The Predator movie opens with a Star Wars-type chase between two spaceships. We see one ship escape to Earth somehow, and it’s starts crash landing in what must be a South American jungle. Briefly, we notice that the ship is being piloted by the same type of Predator alien that we have known for more than 30 years.
In this forest, a group of mercenaries, including one played by Boyd Holbrook, is aiming to take out a drug cartel which is holding some prisoners hostage. The space ship crashes in the middle of this confrontation, and Holbrook’s character, Quinn McKenna, escapes. He finds the crashed ship, and the familiar alien battle armor that we’ve seen in other movies. McKenna takes it and runs.
Thus begins the setup of this film: The title creature wants his stuff back. The jungle setting is, of course, very similar to the original jungle-centered plot. A lot of this movie is very familiar. So, if you are looking for innovation, you are not going to find much. It’s basically two long, gory, murderous chase scenes stuck together.
Thrown into the mix are McKenna’s son, a child who seems to fit somewhere on the autistic spectrum, played by Jacob Tremblay. Brought into the mix is Olivia Munn, who plays Casey Brackett, a biology researcher. And then a band of prisoners on a bus. It doesn’t really matter who they are or what they’re their for. The most recognizable is Keenan-Michael Key, and he might be a decent actor, but casting him almost immediately removes any sense of gravity or importance, because his comedy-stage mugging expells any seriousness of the plot. There’s also a mysterious government operation at work which is used to make a loose connection between this film and the the past Predator versions. Trevante Rhodes plays the leader of whatever they are, and he pretty well conveys the nature of his character. The purpose of his organization, though, is totally amorphous as is their reason for inviting Olivia Munn’s character to be a part of it.
Munn is given more to do here than in some of her other film roles, but her personal charm does not get a chance to convey on screen. Her introduction to the alien world almost begins with a sense of wonder, but that is quickly spoiled by the fact that everyone else already knows about the predator aliens.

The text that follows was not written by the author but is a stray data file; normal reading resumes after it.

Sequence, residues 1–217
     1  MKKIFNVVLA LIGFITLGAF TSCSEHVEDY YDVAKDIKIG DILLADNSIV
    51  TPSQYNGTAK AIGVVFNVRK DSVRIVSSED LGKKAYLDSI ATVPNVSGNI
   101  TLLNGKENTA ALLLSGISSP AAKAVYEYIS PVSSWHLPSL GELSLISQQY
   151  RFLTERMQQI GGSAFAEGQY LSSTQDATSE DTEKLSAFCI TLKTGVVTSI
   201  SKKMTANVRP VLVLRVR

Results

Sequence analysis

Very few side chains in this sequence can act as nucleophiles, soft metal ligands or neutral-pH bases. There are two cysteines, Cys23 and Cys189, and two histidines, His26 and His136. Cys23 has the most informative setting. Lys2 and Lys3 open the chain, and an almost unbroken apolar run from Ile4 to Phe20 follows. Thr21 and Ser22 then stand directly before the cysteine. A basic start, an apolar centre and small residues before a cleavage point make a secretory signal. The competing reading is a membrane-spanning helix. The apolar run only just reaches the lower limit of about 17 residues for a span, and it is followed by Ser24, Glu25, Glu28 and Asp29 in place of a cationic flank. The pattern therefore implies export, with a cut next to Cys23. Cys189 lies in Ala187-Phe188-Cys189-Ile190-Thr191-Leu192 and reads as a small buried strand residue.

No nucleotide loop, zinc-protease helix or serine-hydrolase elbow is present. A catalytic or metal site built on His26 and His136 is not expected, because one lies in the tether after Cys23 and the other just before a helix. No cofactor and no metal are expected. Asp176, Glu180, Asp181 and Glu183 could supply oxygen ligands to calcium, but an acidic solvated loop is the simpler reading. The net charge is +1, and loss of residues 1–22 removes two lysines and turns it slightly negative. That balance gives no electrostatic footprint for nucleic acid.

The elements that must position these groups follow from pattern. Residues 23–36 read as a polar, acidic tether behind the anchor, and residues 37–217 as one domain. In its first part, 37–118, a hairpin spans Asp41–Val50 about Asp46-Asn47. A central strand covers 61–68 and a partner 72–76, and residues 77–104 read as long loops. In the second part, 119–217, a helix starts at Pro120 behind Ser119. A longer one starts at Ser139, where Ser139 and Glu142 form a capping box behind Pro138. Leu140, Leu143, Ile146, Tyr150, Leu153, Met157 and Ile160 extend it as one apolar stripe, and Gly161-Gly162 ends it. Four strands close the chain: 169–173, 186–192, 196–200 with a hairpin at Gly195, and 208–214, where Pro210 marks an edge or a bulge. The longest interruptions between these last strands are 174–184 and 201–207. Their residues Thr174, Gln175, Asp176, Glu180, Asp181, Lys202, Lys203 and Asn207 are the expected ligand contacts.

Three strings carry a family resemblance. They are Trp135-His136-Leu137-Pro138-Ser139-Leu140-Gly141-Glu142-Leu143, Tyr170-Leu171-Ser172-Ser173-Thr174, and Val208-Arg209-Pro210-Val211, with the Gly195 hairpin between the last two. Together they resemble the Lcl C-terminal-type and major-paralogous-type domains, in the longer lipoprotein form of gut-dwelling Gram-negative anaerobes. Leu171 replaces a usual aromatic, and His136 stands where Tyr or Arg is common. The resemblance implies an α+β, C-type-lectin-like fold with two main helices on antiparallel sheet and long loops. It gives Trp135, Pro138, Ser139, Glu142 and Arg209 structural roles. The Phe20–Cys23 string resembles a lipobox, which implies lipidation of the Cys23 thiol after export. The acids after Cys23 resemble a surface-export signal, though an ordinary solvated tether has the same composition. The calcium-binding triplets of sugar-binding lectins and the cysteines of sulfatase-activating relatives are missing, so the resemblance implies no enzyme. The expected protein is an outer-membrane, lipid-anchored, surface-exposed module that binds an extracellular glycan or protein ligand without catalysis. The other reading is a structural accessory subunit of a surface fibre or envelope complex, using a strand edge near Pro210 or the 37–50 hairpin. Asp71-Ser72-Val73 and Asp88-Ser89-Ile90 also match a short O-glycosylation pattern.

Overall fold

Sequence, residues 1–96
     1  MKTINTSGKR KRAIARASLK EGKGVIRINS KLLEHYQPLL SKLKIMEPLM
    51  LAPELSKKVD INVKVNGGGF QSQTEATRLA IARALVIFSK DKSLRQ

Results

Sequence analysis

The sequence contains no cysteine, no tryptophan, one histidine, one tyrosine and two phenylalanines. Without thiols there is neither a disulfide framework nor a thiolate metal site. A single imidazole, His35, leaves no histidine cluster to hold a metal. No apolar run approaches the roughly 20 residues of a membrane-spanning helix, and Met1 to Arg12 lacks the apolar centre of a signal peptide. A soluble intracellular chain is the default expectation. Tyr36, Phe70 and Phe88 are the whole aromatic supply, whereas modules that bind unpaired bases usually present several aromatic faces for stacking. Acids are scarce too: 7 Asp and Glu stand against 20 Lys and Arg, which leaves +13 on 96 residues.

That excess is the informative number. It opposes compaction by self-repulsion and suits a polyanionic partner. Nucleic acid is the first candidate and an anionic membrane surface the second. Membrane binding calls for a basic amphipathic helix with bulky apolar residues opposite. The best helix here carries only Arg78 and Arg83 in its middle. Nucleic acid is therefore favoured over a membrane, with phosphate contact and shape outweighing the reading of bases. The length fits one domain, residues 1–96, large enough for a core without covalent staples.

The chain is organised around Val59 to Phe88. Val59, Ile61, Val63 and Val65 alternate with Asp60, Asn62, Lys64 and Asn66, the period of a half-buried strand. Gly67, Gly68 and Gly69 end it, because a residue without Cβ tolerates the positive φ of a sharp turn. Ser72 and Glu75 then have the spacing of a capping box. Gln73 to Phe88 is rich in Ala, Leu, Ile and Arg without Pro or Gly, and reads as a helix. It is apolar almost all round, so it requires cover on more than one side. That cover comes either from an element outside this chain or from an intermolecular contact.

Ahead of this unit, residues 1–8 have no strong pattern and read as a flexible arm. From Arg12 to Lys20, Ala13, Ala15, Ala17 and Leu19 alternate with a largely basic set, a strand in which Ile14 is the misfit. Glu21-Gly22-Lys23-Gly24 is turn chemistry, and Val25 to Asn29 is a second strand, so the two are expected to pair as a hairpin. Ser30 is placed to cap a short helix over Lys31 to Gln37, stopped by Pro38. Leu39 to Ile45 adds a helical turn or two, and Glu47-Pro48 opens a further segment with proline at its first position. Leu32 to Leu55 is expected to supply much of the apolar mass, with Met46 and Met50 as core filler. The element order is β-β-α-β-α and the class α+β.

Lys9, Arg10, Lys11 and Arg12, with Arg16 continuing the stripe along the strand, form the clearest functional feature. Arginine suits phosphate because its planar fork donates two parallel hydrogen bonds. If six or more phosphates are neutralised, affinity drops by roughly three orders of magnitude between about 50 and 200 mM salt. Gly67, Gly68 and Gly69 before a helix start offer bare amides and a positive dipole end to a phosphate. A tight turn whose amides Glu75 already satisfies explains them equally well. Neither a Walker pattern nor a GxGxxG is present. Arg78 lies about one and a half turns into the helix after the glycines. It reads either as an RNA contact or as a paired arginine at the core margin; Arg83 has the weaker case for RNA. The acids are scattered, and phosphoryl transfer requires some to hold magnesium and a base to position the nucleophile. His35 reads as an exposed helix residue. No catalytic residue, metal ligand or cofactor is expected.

Things go wrong and the alien starts wiping people out. Would a follower this monster-movie franchise be disappointed if he/she were not presented with an array of maiming and grotesque killings? Down the line you find out what the original scene was about. But it doesn’t make much difference. All of the scientific claims made are silly and ignorable — they have to be.
As far as the action sequences and effects, the movie is pretty good at recreating it’s futuristic world, yet its just what you expect it to be. The computer-crafted critters are mostly realistic enough when not in bright lighting. There are still plenty of moments when the “uncanny valley” makes you grimace. A couple of new beasties show up, but they are mostly forgettable — actually, their plot usage and behavior makes me want to forget them. And I pretty much did within a day. The plot is an effect-heavy combination of rising body counts, explosions and “magic glowy things” (as Bill Maher once famously put it).
Munn is supposed to be the relatable outsider here, the heady science expert; but at one point she goes chasing after the bad guy and is doing high-flying stunts without a care. You have to wonder where this seemingly naive biologist suddenly got her dexterity. And you also have to wonder why all of the supporting characters and henchmen in all these cookie-cutter action movies seem to enjoy being plucked off, just so one hero can progress toward the task at hand. Late in the film, you see characters falling from heights onto rocks that would have easily broken their legs, but not in this world.
I had to go back and watch the end again, because I totally forgot what happened two days later. It’s not particularly important postlogue, though leaves room for another entry into the franchise. If you like the idea of humans battling the bad-ass alien, then you likely already seen this movie 100 times or more in other productions. It is okay as far as effects, but overall it is not affecting in any intellectual or caring manner. I never really liked the Predator series, though I think I’ve seen them all — just blood and guts and bombs and bullets — but I do still like sci-fi; and the design ideas involved. This entry did not change my mind.